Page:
A fade-proof approach

eading has always been my favourite pastime. I like nothing more than to lose myself in a good book, be it fiction or non-fiction. Often, I will have more than one on the go at any one time. And it isn’t limited to books; magazines, articles, web pages or blogs are equally devoured. As you will no doubt have seen in the news, 2015 brings the 100th anniversary of Ladybird books. I was brought up on these books and they obviously played a big part in instilling my enjoyment of reading. It is fascinating to see how the books have changed over the years. The Ladybird website relates that in an early ABC Picture Book, the item listed under A was an armoured train! A recent newspaper article on the books and their illustrators describes the People at Work series of books, which included The Shipbuilder and The Miner. Maybe we should be pushing for a modern version of ‘The NDT Operator’.

I have an e-reader and enjoy the benefits that it brings: the portability and the ability to carry any number of volumes around with me. But paper will always be my favourite because books can be that bit more than just a sequence of words. As mentioned, the Ladybird books are famous for their illustrations. The binding and book cover add to the book experience, as do borders and drop caps. The latter two have fallen out of everyday use, but can brighten up a page and be items of beauty in their own right. Penguin has brought out a series of books based on drop caps and, in their introduction, they define what they are – the first letter of a word designed and set larger than the rest of the text in order to highlight the start of a new paragraph, chapter or even a new idea – and where they have been most used – in early and sacred texts, in editions of classical literature and in children’s books. 

The intricate drop caps used in old manuscripts were drawn with inks using dyes and pigments and special care needs to be taken to slow up the fading of the colours with time. This problem also affects modern paints and we are all familiar with the way that sunlight causes colours to fade. A recent newspaper article reported on research that examined the way butterfly wings and beetle shells retain their colour and iridescence even over millions of years. Pigments work by absorbing light of particular wavelengths and reflecting back the remaining wavelengths, which give the colour. The butterfly wings and beetle shells, on the other hand, are transparent but are covered in tiny three-dimensional structures that refract and reflect the light to give the particular colours. Such a mechanism doesn’t deteriorate with time.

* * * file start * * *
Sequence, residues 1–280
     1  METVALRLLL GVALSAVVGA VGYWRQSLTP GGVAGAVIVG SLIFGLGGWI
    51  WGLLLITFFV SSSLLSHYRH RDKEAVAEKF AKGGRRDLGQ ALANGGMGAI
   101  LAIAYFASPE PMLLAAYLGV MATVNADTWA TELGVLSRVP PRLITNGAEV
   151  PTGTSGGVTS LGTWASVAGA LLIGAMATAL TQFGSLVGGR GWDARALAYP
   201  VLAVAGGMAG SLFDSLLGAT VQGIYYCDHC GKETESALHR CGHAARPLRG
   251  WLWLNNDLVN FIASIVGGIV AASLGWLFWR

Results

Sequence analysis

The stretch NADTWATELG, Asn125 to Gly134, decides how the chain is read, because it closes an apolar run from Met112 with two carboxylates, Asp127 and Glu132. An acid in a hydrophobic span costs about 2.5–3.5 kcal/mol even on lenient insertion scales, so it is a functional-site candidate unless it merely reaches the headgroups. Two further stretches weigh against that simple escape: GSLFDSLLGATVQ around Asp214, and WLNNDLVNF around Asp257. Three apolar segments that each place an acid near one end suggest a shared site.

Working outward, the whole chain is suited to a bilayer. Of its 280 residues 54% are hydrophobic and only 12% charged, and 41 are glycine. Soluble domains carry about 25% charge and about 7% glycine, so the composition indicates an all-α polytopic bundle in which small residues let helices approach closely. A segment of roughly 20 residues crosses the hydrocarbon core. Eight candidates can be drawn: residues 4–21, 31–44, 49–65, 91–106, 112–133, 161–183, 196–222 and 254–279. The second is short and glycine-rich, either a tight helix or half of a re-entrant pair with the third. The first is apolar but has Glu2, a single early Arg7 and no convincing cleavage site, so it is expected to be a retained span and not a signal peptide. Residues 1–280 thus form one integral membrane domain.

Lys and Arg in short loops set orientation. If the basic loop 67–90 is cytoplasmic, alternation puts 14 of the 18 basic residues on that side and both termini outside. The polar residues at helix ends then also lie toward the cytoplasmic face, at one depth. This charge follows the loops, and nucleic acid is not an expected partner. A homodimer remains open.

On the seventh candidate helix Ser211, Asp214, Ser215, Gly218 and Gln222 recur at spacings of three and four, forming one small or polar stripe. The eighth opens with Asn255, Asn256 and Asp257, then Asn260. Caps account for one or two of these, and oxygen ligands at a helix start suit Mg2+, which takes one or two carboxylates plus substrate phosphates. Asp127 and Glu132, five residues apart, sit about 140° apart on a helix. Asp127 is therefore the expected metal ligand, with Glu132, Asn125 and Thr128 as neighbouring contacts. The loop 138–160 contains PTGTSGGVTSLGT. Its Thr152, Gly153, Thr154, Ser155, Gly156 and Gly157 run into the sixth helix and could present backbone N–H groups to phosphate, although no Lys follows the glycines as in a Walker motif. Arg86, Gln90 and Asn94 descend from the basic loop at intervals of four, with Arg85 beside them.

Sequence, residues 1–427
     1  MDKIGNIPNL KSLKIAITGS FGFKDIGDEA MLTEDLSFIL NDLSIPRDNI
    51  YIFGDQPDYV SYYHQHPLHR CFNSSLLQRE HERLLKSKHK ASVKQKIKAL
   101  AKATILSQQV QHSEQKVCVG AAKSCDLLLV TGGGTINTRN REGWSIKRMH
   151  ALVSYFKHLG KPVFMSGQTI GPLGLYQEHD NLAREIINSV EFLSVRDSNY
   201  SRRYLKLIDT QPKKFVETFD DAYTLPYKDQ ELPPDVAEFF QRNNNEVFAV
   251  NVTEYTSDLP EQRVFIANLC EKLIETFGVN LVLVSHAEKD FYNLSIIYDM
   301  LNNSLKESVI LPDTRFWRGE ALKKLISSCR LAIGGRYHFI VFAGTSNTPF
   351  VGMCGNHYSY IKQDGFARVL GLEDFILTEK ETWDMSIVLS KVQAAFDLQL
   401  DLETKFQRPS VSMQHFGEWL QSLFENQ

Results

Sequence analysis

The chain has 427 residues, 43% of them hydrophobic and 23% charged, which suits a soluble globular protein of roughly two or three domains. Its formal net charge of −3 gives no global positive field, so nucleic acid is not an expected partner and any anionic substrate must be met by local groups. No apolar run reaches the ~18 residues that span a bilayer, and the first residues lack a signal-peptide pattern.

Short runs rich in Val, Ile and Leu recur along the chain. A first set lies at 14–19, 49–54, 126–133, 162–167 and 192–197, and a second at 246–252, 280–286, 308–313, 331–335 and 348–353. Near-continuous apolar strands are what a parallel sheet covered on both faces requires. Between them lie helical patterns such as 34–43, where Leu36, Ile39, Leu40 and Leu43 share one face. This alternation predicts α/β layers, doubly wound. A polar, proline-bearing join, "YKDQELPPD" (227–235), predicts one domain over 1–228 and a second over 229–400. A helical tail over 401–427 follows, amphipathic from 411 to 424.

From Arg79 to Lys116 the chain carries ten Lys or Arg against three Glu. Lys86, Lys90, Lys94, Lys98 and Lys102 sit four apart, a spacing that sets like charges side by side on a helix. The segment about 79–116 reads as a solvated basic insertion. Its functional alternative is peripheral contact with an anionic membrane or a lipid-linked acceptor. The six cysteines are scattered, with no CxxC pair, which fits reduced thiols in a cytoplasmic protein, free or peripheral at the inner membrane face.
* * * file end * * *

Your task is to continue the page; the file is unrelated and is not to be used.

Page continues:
This poses the question: how can we look at the NDT business model in a different light? In the current model, NDT is often seen as a reluctant purchase. The benefits to the manufacture and management of plant are often not appreciated and NDT is grudgingly applied to show compliance with safety regulations. This, in turn, often means that the price of NDT is continually under particular pressure which, whilst it encourages competition, can over a long term have a negative impact on quality and the industry as a whole. Whilst innovation is continuously applied to NDT techniques and equipment, little innovation has been applied to the business model. 

What ideas do you have to change how we sell NDT so we can have a more robust industry in the future? How do we come up with the equivalent to the butterfly wing and beetle shell alternative to dyes and pigments? I do not have any particular innovation in mind, but in the spirit of stimulating the discussion here are a few brainstorming outputs:
  • I have mentioned before about linking capability evidence to the use of a procedure, i.e. a company can only use a procedure if it has the evidence to support its application.
  • There is a minimum price for NDT based on the cost of qualifications and experience/training required.
  • Or, as we are short of young newcomers to the industry, the price has a levy, which is used to develop new recruits. 
  • Do we need to have more regulation so that in addition to personnel being qualified, companies need to meet minimum requirements?
  • Can we link the purchase of NDT into carbon credits?
  • Can we link NDT into the performance of a piece of plant and get a performance-related contribution?
Please note that the views expressed in this column are the author’s own personal ramblings for the purpose of encouraging discussion within the NDT Newspaper. They do not represent the views of Amec Foster Wheeler or the HSE who funded the PANI projects.

Letters can be mailed to The Editor, NDT News, Newton Building, St George’s Avenue, Northampton NN2 6JB. Fax: 01604 89 3861; Email: ndtnews@bindt.org or email Bernard McGrath direct at bernard.mcgrath@amec.com

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